And did I at least save her money, per my magical intention? Maybe a few bucks, but once the Income Based Repayment program was introduced, that excuse was blown out of the water. Currently, I am in crushing poverty and I don’t pay a dime. The most generous graduated repayment program offered before would have me paying $451 a month by now (or, in practice, defaulting on the loan completely). On IBR, I only have to repay what I can, and if I stay good with that for twenty years, the balance is forgiven. And so it would have been with her, even if she hadn’t become gainfully employed.
So it was for nothing. And why did I do it? Would I have said the same thing to a man? To a white man? I can imagine yes, but the fact remains that I never did say that to a white man, and I did say it to her. The fact remains that industry is overrun with the shittiest flavor of white dudes, strutting around the cubespace with replica assault rifles, or playing FPS while barking homophobic slurs and misogynist epithets and rape jokes, saturating games with racist stereotypes and objectification. No significant change in sight. No one like her in the room to make those fuckheads think twice with her mere presence.
Did I, on some level, not trust a woman to be capable? Or a black person to be intelligent? Why can I attach those adjectives in those ways so easily? What would my score be on Project Implicit?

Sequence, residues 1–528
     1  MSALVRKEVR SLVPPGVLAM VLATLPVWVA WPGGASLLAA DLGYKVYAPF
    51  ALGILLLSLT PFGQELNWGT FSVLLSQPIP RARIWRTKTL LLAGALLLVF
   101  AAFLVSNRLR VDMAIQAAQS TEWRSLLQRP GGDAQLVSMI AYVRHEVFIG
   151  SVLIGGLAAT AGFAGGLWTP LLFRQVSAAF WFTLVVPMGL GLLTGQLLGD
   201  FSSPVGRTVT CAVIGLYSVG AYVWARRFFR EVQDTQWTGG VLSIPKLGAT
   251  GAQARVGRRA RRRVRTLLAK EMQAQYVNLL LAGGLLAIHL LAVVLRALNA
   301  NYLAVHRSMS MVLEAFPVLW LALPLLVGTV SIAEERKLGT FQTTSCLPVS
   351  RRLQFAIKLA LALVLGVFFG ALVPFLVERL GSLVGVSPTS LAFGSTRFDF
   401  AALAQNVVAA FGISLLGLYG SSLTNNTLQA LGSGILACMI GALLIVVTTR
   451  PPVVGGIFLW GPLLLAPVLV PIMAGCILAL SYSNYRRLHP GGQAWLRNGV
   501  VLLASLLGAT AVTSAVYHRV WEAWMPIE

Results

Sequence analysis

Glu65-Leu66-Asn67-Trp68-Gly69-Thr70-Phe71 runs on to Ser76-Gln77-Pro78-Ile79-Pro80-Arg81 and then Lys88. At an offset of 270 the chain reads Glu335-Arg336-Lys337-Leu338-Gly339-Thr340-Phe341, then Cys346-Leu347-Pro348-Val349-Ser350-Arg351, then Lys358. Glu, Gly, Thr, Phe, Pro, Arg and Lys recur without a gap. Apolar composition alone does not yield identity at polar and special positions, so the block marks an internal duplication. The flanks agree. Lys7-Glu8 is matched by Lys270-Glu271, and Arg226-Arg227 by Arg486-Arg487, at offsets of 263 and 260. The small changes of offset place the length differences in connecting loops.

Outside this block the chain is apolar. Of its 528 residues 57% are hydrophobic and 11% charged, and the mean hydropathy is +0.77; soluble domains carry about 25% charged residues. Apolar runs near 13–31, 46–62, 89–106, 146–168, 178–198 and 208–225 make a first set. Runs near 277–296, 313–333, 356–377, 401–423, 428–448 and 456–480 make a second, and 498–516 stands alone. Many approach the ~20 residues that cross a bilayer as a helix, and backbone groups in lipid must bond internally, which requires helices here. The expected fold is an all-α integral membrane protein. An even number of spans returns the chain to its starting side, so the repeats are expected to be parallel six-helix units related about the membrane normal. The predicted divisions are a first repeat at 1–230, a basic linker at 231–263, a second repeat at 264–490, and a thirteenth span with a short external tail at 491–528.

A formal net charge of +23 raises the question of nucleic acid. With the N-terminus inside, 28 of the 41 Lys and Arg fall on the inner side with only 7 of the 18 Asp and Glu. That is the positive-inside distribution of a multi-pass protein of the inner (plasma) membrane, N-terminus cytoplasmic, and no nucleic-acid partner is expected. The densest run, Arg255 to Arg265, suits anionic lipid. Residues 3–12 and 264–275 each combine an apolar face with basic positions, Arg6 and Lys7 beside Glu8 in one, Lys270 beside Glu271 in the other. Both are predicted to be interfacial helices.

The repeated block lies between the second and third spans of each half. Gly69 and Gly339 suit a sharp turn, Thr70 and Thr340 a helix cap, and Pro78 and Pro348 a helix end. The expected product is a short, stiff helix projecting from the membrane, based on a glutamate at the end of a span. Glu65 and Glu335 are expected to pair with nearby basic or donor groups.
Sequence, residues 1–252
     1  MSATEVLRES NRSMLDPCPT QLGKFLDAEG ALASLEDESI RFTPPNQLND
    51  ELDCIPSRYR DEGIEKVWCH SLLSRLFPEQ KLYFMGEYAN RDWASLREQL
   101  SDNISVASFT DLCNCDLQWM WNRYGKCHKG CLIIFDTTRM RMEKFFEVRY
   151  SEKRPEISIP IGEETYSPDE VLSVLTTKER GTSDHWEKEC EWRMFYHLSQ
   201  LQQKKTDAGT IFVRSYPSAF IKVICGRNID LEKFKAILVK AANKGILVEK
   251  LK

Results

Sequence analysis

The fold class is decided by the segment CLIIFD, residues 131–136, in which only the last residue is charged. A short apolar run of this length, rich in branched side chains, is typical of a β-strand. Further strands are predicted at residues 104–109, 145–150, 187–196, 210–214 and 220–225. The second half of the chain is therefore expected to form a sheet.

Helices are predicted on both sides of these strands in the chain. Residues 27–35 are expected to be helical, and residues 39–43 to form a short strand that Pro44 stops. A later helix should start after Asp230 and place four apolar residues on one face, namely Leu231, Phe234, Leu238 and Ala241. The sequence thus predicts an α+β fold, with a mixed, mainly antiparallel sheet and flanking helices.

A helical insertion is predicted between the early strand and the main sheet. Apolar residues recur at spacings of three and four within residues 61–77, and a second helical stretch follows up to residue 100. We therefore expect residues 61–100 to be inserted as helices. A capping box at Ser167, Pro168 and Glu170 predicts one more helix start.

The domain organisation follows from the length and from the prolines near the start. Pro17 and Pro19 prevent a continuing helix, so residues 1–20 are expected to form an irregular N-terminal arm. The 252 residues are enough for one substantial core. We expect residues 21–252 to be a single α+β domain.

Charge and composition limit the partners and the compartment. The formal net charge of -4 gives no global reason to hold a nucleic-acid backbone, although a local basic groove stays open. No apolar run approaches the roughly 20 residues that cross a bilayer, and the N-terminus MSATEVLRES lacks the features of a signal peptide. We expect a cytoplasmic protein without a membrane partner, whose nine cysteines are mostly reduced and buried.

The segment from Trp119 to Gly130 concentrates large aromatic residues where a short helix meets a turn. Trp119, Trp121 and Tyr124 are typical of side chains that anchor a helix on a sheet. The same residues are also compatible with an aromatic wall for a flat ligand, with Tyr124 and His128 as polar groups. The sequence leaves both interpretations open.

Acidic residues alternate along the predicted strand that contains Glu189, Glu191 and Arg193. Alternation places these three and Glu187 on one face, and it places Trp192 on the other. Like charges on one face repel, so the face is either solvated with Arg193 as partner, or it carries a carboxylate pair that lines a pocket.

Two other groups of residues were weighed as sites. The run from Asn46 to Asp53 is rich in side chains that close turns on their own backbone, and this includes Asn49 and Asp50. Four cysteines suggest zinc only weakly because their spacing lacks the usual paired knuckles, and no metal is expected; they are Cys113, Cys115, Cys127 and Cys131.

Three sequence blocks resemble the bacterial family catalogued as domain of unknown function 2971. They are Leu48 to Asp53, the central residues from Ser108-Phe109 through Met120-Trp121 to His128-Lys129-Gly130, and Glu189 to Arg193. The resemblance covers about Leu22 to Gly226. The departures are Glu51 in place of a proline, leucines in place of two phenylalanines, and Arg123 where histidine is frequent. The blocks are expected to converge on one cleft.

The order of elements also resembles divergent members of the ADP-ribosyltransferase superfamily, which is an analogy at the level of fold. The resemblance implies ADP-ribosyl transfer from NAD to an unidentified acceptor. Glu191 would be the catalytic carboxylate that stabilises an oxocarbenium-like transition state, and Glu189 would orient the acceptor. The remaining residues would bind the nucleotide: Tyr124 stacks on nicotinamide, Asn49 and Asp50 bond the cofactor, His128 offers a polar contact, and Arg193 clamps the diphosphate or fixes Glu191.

Even if my intention was pure and not at all racist or sexist, the status quo being white male domination means that I should damn well have considered treating her differently. If the world is to change for the better, people like her need to be encouraged and helped a lot more than people like me who have the system stacked in our favor at every turn.
And that is, I think, the take home lesson. It is extremely difficult to check biases if you are not even aware of them. But an easy way around that in this situation – in the unlikely circumstance that I find myself there again – is to just consider who I am talking to, and if they are in an under-represented group, check my ass before I speak.
And to not assume superiority on the basis of the superficial. My art was shiny and hers was shaky. In four years, my art would be much the same. What could hers have been? I did a very bad thing. Damage was assuredly done. That makes me a part of the problem.
*I am certain there are millions of women and people of African descent who are far better artists than I will ever be, but this person would have been working up from Mickey Mouse in the space of a few years. Still, that should tell you how fast beginning artists improve. I think it is possible for a new artist to become better than me (25 years of practice) within several years of starting, depending on natural strengths and discipline, while someone more experienced will often have calcified habits and improve hardly at all in the same span of time. It’s never too late to learn if you’d like to. I do not recommend art school though, at the current tuition rates vs. job market. Maybe my next post will be about how to become a professional artist without student debt – things I wish I had known!